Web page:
• Divorcees Gone Wild: Stay away from any costume that could be described as “sexy [insert noun here].” Or wait until the divorce is final.

• Mental Patient or Ax Murderer: Nothing is scarier than a violent plus crazy combo package. Divorce is the leading cause of temporary insanity, so people already suspect you’re crazy. Don’t finish the job by making them think you’re violent, too.
Examples of costumes you may want to consider: Continue Reading »

Back To School Divorce Tips

Thursday, November 12th, 2015

Back To School Divorce Tips

By Steven B. Chroman, Attorney at Law

The kids are heading back to school, and just like us, they are going to be excited, anxious, terrified, nervous, sad and happy. Mixed feelings are natural at this time of year, no matter how old your kids are or how many times you’ve been through it all as a parent.

You have some new school-related issues to deal with if you are newly divorced. Who is paying for what? What activities will the child get to be involved in? Who keeps an eye on homework assignments? Who does the school call if there is an emergency?

Get on the same page about routines. Kids will adjust faster if you’re in agreement about routines. Work out any potential disagreements now such as emergency procedures, meals, pick-up, weather, after-school activities and all the other components of the school week. Write it all down and share the plan with your children. Keep it simple and be consistent.

Meet the new teacher. Introduce yourself to your child’s new teacher to get off to a good start. Inform him or her about your family circumstances. It will help if your child’s teacher knows the situation. But don’t draw teachers or other school personnel into your personal conflict at home.

Arrange for duplicate notifications. Although information should always be shared, it helps to arrange for separate, duplicate notifications about academic progress and school activities so one parent is not responsible for copying and sending information to the other.
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Lawyers Versus Legal Document Preparers Document Preparation – The Good, The Bad and The Pro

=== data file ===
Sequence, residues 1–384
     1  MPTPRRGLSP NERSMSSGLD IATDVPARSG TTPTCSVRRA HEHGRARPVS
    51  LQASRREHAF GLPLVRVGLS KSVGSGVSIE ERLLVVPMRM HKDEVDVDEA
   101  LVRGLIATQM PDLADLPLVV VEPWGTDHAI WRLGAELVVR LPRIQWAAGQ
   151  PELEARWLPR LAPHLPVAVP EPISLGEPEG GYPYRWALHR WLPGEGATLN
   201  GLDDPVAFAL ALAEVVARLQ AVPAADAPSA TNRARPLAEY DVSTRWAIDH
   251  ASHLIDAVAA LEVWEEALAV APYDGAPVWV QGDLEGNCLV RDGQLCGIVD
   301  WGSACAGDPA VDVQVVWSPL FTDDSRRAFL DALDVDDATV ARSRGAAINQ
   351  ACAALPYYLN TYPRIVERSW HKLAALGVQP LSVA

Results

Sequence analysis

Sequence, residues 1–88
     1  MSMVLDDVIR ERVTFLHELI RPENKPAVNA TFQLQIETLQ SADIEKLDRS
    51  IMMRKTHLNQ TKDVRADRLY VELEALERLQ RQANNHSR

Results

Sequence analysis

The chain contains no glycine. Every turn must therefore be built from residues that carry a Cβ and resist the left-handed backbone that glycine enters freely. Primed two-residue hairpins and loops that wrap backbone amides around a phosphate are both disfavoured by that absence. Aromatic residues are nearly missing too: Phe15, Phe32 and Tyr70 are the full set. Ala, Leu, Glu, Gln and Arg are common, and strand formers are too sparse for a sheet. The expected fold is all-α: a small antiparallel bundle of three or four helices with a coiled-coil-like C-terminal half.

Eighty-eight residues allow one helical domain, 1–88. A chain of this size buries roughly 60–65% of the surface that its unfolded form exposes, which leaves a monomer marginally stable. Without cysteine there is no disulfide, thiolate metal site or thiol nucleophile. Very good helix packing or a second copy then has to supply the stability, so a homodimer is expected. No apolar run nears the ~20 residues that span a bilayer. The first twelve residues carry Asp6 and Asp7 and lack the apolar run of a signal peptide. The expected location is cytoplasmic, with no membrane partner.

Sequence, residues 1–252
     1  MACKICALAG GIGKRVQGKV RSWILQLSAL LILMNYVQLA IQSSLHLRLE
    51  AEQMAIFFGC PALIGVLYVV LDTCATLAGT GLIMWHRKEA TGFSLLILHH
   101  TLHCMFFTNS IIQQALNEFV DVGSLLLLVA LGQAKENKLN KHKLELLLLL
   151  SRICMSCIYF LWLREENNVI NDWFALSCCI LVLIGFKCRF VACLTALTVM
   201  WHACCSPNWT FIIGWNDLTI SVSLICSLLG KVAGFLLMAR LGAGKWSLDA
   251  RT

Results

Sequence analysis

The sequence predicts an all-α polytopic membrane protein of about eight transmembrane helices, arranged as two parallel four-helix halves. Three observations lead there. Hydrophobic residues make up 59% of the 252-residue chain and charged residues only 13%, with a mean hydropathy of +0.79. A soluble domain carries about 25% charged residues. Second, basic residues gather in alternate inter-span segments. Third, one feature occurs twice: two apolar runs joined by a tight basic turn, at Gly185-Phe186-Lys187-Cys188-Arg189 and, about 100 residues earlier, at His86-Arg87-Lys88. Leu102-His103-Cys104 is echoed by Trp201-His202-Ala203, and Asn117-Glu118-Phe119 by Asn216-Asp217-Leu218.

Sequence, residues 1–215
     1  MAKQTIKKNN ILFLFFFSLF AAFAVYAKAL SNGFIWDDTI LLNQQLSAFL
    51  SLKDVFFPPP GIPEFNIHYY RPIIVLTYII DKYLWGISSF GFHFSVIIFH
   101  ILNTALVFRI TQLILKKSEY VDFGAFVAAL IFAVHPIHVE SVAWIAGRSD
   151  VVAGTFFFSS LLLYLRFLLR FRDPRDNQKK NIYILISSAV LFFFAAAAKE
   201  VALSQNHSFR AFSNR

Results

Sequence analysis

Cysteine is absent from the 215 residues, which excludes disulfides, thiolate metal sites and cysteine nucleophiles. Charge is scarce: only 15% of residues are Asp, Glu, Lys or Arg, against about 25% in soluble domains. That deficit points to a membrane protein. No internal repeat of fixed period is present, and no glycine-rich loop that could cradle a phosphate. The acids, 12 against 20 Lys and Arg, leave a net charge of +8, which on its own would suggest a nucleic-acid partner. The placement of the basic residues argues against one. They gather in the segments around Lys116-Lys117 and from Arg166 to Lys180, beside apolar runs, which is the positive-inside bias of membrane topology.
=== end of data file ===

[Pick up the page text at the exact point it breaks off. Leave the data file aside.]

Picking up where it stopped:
Thursday, November 12th, 2015

Lawyers Versus Legal Document Preparers Document Preparation – The Good, The Bad and The Pro

By Steven B. Chroman, Attorney at Law

‘The times they are a changing.’ The way people choose to exit a marriage, be it with separate attorneys, a mediator, or do it yourself, there is a solution to fit every one. But before you go the ‘do it yourself route’ ask yourself a couple very important questions to see if you qualify. Most importantly if you hire a document preparation service, there are some things you should understand.

There are businesses that prepare the paperwork for uncontested divorces. These folks may be called paralegals but are commonly referred to as legal document preparers, or LDPs. Legal document preparers are not allowed to give you legal advice. (Only licensed lawyers can do that.) However, they can prepare forms, using the information you supply, and have them filed with the court. Because you are not utilizing an attorney, the quality and reliability of such services can vary greatly, so it is very important to do your own due diligence before settling on one. Find out how much experience the LDP has, check online reviews, and if possible, get a reference.

If you choose to use a document preparation service, please make sure the paperwork is being done by a professional who knows what they are doing on your behalf in the area of law you are seeking assistance. Unfortunately, we see too many clients come to us because the forms were either done incorrectly or not appropriately completed, making what could have been a simple process twice as hard and three times as long. Review the following: Continue Reading »

Summer Break – Avoiding the Divorce Summer Break-Down

Thursday, November 12th, 2015

Summer Break – Avoiding the Divorce Summer Break-Down

By Steven B. Chroman, Attorney at Law

Kids are excited because summer is here. You on the other hand being either recently separated or divorced, or years into the co-parenting cycle, have a different take on summer break. Getting used to the idea of visitation schedules is hard enough, doing so with the ever changing summer activities is a never ending rotation of planning. Why?

Keeping your children occupied is arguably the most difficult part of divorce and summer break. It may even be the most difficult part of summer break for families whose parents are still together. It is important for parents to spend quality time with their children as they can, especially when growing up, though everyone knows that this may not always be possible.

If you are in a high conflict situation with your co-parent, it may not be the best idea for the kids to be switching back and forth between co-parents very often during the summer months. When dealing with divorce and summer break you must always have the benefit and welfare of your children as your number one priority. If your current situation with the co-parent is unsuitable for your children to be around, consider having them spend the summer with relatives or at a summer camp.
Continue Reading »